It could be super weird for Nintendo of all companies, but perhaps this year advertising dollars are best spent correcting the erroneous impression about Nintendo’s Indie support.  Indies can always use a plug, and last year’s Nintendo of Europe indie trailer was a great way to pad the lineup and give the perfectly true impression that the WiiU has more going on than merely more Mario.  If you happen to have a WiiU already, the following is a short list of promising Indie titles to keep an eye on.

  We’re all pulling for you Nintendo, but it’s time to face facts.  Nintendo needs to expand its base of appeal, especially in the highly contested battleground that is home console gaming.  Mario is always an excellent start, but it is a mistake to rely on him alone.  It’s also not fair to other legitimately different franchises that they get caught up in a wave of anti-Mario anger, or that the company’s, and Mario’s future be put in jeopardy for it.  The last thing that I want to address is simply a contradiction in my words above:  I stress that this is a marketing fix, not a game design or priority change.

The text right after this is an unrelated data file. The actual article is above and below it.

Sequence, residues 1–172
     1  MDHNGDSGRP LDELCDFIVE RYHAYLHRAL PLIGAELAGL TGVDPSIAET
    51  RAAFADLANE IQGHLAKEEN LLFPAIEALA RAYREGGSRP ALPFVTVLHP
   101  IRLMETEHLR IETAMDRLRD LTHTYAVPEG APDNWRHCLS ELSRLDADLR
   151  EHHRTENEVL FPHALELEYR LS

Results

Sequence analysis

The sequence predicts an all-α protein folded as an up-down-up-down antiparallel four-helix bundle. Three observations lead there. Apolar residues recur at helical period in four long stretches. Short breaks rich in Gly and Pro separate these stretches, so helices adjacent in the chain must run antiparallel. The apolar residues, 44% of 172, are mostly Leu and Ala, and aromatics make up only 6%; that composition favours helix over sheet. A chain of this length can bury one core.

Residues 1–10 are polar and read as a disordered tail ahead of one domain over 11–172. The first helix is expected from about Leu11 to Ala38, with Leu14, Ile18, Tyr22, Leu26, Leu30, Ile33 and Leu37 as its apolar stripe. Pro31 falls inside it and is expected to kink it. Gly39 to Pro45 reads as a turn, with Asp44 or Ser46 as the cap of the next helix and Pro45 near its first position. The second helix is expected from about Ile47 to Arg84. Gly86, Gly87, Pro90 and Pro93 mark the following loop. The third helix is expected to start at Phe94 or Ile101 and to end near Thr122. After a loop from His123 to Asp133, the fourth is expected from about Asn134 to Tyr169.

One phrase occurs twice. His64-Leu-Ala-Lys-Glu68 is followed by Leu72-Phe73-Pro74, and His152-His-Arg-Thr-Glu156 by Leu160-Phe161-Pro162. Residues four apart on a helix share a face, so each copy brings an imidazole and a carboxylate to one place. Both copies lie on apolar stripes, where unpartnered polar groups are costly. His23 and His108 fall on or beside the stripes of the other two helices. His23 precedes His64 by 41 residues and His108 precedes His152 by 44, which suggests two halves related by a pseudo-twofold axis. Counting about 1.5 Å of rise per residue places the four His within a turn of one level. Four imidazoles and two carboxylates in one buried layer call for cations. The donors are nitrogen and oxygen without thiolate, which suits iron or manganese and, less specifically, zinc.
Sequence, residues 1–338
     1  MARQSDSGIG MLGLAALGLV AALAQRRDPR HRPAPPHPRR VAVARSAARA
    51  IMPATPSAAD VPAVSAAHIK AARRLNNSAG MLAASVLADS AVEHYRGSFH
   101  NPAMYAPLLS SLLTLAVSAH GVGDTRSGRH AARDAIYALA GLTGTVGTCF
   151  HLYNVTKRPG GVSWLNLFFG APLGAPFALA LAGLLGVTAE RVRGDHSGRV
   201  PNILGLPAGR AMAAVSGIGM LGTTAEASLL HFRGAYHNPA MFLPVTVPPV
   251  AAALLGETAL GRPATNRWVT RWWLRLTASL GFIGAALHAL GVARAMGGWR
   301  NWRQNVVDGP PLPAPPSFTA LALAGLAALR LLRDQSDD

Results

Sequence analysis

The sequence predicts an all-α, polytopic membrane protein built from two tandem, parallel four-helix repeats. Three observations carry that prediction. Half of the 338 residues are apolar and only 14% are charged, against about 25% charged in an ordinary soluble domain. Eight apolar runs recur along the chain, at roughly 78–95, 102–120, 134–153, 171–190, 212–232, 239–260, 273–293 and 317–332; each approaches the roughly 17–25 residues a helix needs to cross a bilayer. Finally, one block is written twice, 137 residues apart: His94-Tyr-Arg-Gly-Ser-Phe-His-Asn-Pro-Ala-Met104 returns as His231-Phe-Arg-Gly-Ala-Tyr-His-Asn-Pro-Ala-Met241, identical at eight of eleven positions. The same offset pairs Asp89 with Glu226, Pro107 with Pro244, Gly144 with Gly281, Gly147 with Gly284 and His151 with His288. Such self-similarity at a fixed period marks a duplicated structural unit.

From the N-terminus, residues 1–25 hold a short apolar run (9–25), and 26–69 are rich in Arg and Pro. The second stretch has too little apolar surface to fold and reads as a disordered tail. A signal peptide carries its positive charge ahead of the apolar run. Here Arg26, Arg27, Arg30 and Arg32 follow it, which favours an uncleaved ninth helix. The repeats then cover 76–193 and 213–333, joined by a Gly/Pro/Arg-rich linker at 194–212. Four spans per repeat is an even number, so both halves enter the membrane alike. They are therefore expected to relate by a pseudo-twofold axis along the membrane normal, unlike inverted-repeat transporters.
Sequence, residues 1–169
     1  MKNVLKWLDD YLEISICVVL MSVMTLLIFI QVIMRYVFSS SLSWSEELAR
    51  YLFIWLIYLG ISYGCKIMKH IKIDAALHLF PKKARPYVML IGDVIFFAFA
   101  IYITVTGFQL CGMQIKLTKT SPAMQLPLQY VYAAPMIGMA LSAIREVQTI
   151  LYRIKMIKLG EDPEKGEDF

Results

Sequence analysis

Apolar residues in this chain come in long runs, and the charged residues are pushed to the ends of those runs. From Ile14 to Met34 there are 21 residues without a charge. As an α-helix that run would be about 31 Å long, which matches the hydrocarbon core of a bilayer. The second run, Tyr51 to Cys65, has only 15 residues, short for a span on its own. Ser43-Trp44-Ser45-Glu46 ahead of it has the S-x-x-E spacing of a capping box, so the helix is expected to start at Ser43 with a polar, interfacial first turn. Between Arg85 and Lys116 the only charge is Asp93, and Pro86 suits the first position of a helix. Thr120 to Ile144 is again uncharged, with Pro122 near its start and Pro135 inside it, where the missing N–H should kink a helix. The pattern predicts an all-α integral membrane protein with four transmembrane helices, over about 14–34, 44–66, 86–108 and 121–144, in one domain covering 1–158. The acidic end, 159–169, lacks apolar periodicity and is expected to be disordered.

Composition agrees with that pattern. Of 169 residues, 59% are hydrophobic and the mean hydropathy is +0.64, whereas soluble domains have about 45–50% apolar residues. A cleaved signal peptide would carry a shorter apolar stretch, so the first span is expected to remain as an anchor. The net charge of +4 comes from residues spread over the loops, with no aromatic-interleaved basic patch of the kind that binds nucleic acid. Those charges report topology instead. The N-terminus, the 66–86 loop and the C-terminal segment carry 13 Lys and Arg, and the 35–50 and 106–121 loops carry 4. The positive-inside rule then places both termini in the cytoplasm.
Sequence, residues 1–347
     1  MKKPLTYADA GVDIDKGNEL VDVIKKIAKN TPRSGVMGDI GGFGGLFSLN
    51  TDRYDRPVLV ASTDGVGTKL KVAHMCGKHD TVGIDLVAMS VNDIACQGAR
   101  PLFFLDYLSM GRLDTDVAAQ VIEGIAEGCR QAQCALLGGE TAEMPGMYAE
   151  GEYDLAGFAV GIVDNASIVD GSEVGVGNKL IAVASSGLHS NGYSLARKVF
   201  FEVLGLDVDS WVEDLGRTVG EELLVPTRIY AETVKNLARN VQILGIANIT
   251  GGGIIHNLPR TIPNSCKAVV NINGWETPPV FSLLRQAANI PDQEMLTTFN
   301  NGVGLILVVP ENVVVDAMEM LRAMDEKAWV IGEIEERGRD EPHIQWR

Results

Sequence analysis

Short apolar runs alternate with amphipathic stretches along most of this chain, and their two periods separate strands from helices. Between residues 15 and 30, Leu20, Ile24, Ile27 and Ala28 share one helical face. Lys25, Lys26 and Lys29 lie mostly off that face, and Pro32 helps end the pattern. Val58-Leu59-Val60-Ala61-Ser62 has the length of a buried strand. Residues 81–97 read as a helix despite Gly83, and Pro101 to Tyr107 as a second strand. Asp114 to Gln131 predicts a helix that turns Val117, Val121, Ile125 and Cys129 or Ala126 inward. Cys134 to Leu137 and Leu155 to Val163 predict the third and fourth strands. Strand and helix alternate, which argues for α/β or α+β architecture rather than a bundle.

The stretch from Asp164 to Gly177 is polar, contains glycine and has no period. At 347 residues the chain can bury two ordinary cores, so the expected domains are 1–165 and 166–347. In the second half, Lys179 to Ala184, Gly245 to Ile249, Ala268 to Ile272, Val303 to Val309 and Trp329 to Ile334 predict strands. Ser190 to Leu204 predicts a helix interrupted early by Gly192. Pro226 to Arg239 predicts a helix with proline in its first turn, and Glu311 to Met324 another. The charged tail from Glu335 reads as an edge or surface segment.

Personally I would love some new IP from Nintendo, and have been enjoying all of the new IP for a while; I would like to take issue with the idea among fans that Nintendo never makes new IP.  This was true … since when? 

  A vast number of my games on my shelf are games from new or relatively new intellectual properties, either produced through Nintendo itself (ex. Picross 3D, Elite Beat Agents, Brain Age 2) or simply paid for by Nintendo as 2nd party games (Lego City Undercover, Geist, Excitebots: Trick Racing).  This is something of a trick question, as Nintendo has long been looking to reach out with other companies to better exploit either its own underused IP or otherwise promote others games exclusively to its system (ex. Bayonetta 2).  But nothing Nintendo does at any time shakes the impression that Nintendo only makes Mario games. 

  And that is the (suggested) fix for Nintendo: share the spotlight a little more evenly.  Granted, they want to give presence to their top grosser, but that idea is simply not working now.  The only thing to do is build the WiiU’s install base, and the most ludicrous and untrue claim ever, that it has no games beyond Mario, is the biggest challenge to its image.

No comments:

Post a Comment